Sunday, September 18, 2005

Weekend (or weakened?) Journal

You can’t blame a revenue-challenged publisher for wanting to boost advertising sales by adding an extra day to the week.

The option is not available to most newspaper chains, which already publish seven days at their major properties. But it was available to Dow Jones, and, by golly, they took it.

So, we now have the new Weekend Edition of the Wall Street Journal, where the usual tales of financial buccaneering and corporate intrigue are juxtaposed with articles about foie gras milkshakes, “comfy shoes” for guys and “bicycles built for her.”

The Weekend Edition is at once an obvious strategy and a tremendous risk for Dow Jones.

It is obvious, because the company needs to do something to shore up advertising revenues that sagged 6.3% in the first six months of this year vs. an average industry gain of nearly 3%. Technology advertising, which peaked with the Bubble in 2001, has fallen more than 19% a year for two years straight. Financial advertising this year dropped nearly 20%. These categories historically have been the bread-and-butter advertisers for the bulls-and-bears Bible.

The Weekend Edition is a courageous, if perhaps irrationally exuberant, attempt to tap new sources of advertising for a publication that seems to have tapped out its traditional advertising base. By switching the emphasis on Saturday from T-bills to meat thermometers, the Journal hopes to recruit a new class of upscale brands and retailers hoping to reach its enviable, upscale audience.

The industry buzz is that the Journal has gotten some 100 advertisers to commit to schedules in the new Weekend Edition. The question is whether this is net new business, or simply lineage shifted from the daily paper to the new edition. It also remains to be seen how long the schedules will last. And that depends directly on how many $85 meat thermometers people will buy.

Adding a day and tweaking the content to entice new advertisers is logically consistent. But there’s a big oops. And it is this:

Although readers rightfully value the Journal for its hard-nosed, hard-news reporting, the Weekend Edition violates their expectations with silly articles on “eco-friendly” leaf blowers and discount-frock shopping.

To the degree journal readers want to know about foie-gras frappes and leaf blowers, they already subscribe to other publications that satisfy those needs more authoritatively than the superficial knock-offs in the Weekend Edition.

Perhaps the pain of subverting the Journal is what led the founding editor of the Weekend Edition to jump ship less than a month before launch. The highly regarded Joanne Lipman joined Conde Nast in August to start a new monthly business magazine. Given the aforementioned weakness in financial and tech advertising, that seems like another Mission Impossible. But that’s a story for another day.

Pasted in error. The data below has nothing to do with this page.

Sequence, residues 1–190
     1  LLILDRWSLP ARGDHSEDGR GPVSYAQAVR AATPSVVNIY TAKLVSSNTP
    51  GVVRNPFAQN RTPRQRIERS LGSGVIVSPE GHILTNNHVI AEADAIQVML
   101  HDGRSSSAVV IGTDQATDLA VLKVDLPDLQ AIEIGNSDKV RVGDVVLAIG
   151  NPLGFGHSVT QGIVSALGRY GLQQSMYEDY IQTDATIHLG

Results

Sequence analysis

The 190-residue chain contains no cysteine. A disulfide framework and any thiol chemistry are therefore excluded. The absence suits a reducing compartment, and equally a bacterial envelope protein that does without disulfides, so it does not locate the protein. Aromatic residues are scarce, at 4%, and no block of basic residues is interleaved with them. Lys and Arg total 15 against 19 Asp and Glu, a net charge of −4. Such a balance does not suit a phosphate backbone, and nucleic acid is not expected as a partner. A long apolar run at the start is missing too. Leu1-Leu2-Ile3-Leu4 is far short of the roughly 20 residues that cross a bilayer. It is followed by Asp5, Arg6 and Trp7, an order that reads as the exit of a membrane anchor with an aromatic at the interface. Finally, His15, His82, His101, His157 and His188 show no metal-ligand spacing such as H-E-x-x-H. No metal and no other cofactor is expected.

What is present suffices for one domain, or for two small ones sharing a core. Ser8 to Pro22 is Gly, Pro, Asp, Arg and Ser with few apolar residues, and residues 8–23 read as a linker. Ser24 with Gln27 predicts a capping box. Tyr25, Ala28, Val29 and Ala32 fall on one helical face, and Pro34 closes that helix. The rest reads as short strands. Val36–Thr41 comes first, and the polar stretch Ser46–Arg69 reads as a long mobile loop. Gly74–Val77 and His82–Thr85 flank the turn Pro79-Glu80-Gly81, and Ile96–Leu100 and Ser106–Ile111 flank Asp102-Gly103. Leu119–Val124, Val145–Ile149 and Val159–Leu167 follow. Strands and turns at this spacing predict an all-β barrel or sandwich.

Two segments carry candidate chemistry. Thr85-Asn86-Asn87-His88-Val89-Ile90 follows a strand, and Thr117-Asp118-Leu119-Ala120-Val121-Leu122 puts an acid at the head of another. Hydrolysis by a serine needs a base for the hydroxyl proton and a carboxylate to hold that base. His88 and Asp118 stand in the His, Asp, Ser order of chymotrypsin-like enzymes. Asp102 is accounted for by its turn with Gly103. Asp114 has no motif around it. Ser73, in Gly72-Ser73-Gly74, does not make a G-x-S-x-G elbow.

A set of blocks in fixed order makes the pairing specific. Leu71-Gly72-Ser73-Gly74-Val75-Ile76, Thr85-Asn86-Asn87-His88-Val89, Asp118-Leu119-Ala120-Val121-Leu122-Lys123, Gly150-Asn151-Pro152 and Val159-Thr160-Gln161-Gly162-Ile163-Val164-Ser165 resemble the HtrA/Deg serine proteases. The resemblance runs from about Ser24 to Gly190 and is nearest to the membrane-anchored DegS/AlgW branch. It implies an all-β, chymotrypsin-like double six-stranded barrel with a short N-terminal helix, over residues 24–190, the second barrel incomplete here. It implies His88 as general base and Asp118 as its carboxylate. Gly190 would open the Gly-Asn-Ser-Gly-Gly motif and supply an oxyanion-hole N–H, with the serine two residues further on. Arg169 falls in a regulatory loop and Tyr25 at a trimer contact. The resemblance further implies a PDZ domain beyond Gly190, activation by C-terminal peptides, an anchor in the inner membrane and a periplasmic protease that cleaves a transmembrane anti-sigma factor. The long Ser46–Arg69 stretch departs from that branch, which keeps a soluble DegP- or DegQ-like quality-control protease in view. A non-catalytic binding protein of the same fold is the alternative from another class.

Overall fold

You can’t blame Dow Jones for starting the Weekend Edition in hopes of putting some life into a stock that was foundering until the report last month that some members of the controlling Bancroft family might like to see the company sold. Although the stock is trading around $40 a share – about $8 above its 52-week low – the company needs to get fixed before it is sold, if ever it will be.

Apart from the danger of befuddling traditional Journal readers, the management of Dow Jones has a lot at risk in the Weekend Edition.

Round numbers, I estimate it will cost about $1 million per week in payroll, paper and delivery expenses to learn if the Weekend Edition has legs. There will be additional costs for promotion and ad sales, including hiring the guy who staged the opening and closing spectacles at the Olympics to run “launch experiences” in Atlanta, Boston, Chicago, Dallas, Detroit, Los Angeles, Minneapolis, New York, Philadelphia, San Francisco and Washington, D.C.

If the Weekend Edition successfully boosts over-all revenues beyond the costs involved in producing and delivering 1.75 million additional newspapers per week, then it will be a win.

If the Weekend Edition flops, there not only will be a major loss of money and face at Dow Jones, but potentially a major loss of employment in the household of Peter R. Kann and Karen Elliott House, the husband-wife team who respectively are the CEO of Dow Jones and publisher of the Wall Street Journal.

Now that the great experiment has been launched, all we can do is sit back and wait to see whether the Weekend Edition has strengthened, or weakened, the Journal.

If you crave insightful business and financial reporting over the weekend, however, grab a copy of Barron's.